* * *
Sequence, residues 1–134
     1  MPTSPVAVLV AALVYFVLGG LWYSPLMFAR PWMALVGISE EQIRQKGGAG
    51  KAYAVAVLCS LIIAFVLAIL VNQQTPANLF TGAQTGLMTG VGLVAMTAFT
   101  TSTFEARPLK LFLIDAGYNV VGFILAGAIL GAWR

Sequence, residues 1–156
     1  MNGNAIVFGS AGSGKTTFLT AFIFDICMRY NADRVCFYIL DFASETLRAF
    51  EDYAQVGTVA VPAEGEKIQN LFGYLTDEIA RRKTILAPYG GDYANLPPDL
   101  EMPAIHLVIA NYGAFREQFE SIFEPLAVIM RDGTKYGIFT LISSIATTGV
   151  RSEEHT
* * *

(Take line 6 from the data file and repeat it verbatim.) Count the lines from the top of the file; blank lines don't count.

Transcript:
     1  MNGNAIVFGS AGSGKTTFLT AFIFDICMRY NADRVCFYIL DFASETLRAF